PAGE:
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Individual Accountability Framework and SEAR: Observations from Pre-Legislative Scrutiny

On 3 November 2021, the Joint Committee on Finance, Public Expenditure and Reform and An Taoiseach conducted pre-legislative scrutiny of the General Scheme of the Central Bank (Individual Accountability Framework) Bill 2021 which was published in the summer.

In this short update, Matheson’s expert team on the Individual Accountability Framework summarises the key points that arose and the next steps for regulated financial services providers. 

In his opening statement to the Committee, Gerry Cross, Director of Financial Regulation - Policy and Risk welcomed the opportunity to discuss the General Scheme and reaffirmed the rationale and the four key components of the General Scheme, which were as expected and previously communicated.

Together, these four components will provide a “proportionate and predictable framework” to help the financial sector fulfil its role of supporting the economy and serving the best interests of consumers and other users of financial services.

The opening statement was followed by a Q&A session with the committee members and the CBI representatives Gerry Cross and Seana Cunningham, Director of Enforcement and Anti-Money Laundering.

The following were the key points arising:

  • the Central Bank representative stated that firms “… would like us to be very clear about what reasonable steps are … it is important that we provide guidance and clarity … but of course it is important also for those caught by this regime to think about and put in place the steps that are appropriate without [the Central Bank] leading them by the hand each step of the way”.
  • The Central Bank representatives emphasised the importance of the proposed conduct standards, stating that they are  “directly enforceable obligations on individuals that are not necessarily tied to the firm having committed a contravention…the common conduct standards and the additional conduct standards… are a very significant enhancement standard that people must abide by that are directly imposed on them and enforceable against them”. 
  • As had been anticipated, the Central Bank intends to apply a phased implementation of the SEAR framework, saying that  “in the first instance the proposal… would apply to…the most high impact firms… it is very important to say the financial system is… evolving very quickly and there are all sorts of opportunities, potential benefits but also challenges and risks …”.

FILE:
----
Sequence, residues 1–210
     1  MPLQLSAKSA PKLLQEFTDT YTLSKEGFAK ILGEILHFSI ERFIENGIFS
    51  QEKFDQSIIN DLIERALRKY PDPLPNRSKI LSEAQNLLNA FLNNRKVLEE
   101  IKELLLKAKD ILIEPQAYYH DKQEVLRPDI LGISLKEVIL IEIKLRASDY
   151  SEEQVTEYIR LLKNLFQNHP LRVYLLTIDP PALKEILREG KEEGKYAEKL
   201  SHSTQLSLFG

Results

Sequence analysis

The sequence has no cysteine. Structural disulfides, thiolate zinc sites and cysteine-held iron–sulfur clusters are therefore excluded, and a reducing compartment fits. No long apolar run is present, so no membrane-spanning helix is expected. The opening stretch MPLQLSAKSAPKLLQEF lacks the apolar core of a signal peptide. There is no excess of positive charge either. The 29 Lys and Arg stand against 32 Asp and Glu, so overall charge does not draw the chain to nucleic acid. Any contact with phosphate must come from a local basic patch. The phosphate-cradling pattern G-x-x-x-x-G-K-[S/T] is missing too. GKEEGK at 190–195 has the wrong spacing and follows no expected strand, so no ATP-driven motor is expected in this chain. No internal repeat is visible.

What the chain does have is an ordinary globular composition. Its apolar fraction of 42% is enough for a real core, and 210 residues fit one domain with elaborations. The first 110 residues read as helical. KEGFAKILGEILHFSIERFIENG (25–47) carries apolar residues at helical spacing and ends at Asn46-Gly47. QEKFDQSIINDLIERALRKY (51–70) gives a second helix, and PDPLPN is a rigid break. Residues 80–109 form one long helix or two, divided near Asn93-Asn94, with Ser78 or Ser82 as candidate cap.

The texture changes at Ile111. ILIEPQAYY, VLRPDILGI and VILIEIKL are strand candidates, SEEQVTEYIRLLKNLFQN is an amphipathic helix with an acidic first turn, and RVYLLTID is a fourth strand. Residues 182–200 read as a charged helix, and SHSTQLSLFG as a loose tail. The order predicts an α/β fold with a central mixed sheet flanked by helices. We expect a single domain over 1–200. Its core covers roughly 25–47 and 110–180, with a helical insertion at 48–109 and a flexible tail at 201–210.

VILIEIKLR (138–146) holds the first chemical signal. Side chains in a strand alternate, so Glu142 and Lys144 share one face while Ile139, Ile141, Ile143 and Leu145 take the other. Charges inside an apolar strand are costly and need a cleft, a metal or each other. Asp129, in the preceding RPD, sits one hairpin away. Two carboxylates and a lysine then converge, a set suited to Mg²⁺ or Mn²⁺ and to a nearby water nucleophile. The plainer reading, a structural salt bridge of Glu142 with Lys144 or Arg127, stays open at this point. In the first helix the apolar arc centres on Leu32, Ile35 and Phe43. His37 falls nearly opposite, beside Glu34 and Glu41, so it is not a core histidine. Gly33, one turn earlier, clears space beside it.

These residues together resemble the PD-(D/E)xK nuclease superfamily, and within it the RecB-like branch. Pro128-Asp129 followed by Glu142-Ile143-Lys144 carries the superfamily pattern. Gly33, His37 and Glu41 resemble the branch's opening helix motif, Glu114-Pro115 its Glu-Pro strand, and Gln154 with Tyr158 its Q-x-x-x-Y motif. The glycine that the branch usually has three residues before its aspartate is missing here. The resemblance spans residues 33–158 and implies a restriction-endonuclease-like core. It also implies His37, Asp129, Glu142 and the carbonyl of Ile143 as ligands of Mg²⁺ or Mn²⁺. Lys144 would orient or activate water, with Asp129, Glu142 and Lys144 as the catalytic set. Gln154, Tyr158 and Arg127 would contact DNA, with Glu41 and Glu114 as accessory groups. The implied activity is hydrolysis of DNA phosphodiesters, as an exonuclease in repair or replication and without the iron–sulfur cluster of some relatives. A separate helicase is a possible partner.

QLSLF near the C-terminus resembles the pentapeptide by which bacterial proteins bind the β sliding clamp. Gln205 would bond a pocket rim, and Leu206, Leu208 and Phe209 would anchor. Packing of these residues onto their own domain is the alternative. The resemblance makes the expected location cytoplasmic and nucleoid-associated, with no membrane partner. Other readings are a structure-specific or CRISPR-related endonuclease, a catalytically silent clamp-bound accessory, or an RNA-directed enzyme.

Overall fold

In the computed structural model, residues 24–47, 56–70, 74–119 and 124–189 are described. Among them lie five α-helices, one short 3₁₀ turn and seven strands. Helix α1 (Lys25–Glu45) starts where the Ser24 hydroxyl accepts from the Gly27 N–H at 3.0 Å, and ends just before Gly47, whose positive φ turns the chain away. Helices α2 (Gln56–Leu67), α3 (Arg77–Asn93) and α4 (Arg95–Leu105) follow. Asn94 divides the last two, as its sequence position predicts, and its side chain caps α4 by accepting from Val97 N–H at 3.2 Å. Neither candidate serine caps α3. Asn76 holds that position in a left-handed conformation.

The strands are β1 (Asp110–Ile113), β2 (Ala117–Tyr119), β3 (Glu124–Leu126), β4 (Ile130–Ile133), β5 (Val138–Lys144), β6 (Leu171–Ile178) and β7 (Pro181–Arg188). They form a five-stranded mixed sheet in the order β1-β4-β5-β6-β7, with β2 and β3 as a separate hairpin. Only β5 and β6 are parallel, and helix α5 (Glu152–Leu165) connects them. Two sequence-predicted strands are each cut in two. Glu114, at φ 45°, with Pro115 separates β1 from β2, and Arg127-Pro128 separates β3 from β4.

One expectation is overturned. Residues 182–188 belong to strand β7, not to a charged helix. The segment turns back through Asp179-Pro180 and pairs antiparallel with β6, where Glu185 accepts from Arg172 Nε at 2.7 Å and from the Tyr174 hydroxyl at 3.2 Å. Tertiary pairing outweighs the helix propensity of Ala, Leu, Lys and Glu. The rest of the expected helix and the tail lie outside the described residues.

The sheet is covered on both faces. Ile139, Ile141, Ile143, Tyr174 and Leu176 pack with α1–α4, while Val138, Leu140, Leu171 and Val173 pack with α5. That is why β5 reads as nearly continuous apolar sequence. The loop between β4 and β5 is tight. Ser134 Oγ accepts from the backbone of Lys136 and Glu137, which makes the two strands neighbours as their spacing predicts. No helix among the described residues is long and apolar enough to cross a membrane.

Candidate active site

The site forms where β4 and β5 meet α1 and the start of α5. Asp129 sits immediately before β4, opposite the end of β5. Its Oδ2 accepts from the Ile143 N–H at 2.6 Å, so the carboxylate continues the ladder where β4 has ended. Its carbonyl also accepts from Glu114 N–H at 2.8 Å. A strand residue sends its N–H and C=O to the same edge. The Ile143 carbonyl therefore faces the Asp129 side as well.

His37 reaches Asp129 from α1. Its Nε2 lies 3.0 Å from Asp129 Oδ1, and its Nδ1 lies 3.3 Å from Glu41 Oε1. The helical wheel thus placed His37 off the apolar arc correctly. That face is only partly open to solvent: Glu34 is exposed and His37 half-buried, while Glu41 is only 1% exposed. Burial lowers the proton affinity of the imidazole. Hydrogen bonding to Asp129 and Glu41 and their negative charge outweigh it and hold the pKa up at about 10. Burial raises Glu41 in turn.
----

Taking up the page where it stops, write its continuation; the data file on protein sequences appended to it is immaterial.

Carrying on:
• The Central Bank said that there wasn’t any legislative assurance that the payment of fines imposed on individuals could not be paid by their firm.
  • The Central Bank’s response was emphatic on the topic of reviewing responsibility maps produced by in-scope Regulated Financial Services Providers. “it is very important… that…the financial service industry does not think…the Central Bank…will take them by the hand and check their work every step of the way…fundamentally, this bill is about bringing the culture and governance and approach of the financial sector and its firms up a level and crucial to that is that they are taking responsibility.  Having said that, it is [the Central Bank’s] job as the regulator and supervisor to ensure that they are doing so and to supervise them in a way that [the Central Bank is]  comfortable and confident that they are meeting their obligations and expectations as they should. So yes, in terms of the maps, in terms of the statements of responsibilities, yes they will come to us and yes we will have regard to them and they will be part of our supervision of the firm and a very helpful part of our supervision of the firm... but…this is about the firms taking responsibility for themselves in the first instance”. – Gerry Cross
  • In response to a question about potential adverse effects of this legislation, the Central Bank agreed that “it is right to say we need to be aware of …the risk of “juniorification” of roles… however…it is about [the Central Bank] ultimately standing back and saying what is the culture of this firm, what is happening in this firm…it is not good governance, it is box ticking, it is formalisation of things which is precisely what this regime is designed to avoid”. – Gerry Cross
  • A question was posed as to whether the Central Bank would be considering a directory of certified individuals similar to the UK. The Central Bank explained that it was not something that forms part of the Bill at present, but something which could be considered. 

Next Steps

In short, the opening statement from the Central Bank and the responses to the Q&A from the committee indicated emphatically that the Central Bank will not be "checking work".  

This further highlights the need for firms to proactively define the appropriate governance, culture and responsibility framework that will suit their business and meet the expectations of the regulator.  

Matheson’s expert team of financial regulation, investigation and employment law specialists will continue to keep our clients abreast of the latest developments as the Central Bank (Individual Accountability Framework) Bill 2021 passes through the legislative process.

If you have any questions, please contact Karen Reynolds, Niamh Mulholland, Darren Maher, Joe Beashel, Grainne Callanan, Louise DobbynBryan Dunne, Russell Rochford, Geraldine Carr, Tara Doyle, Barry O'Connor or your usual Matheson contact.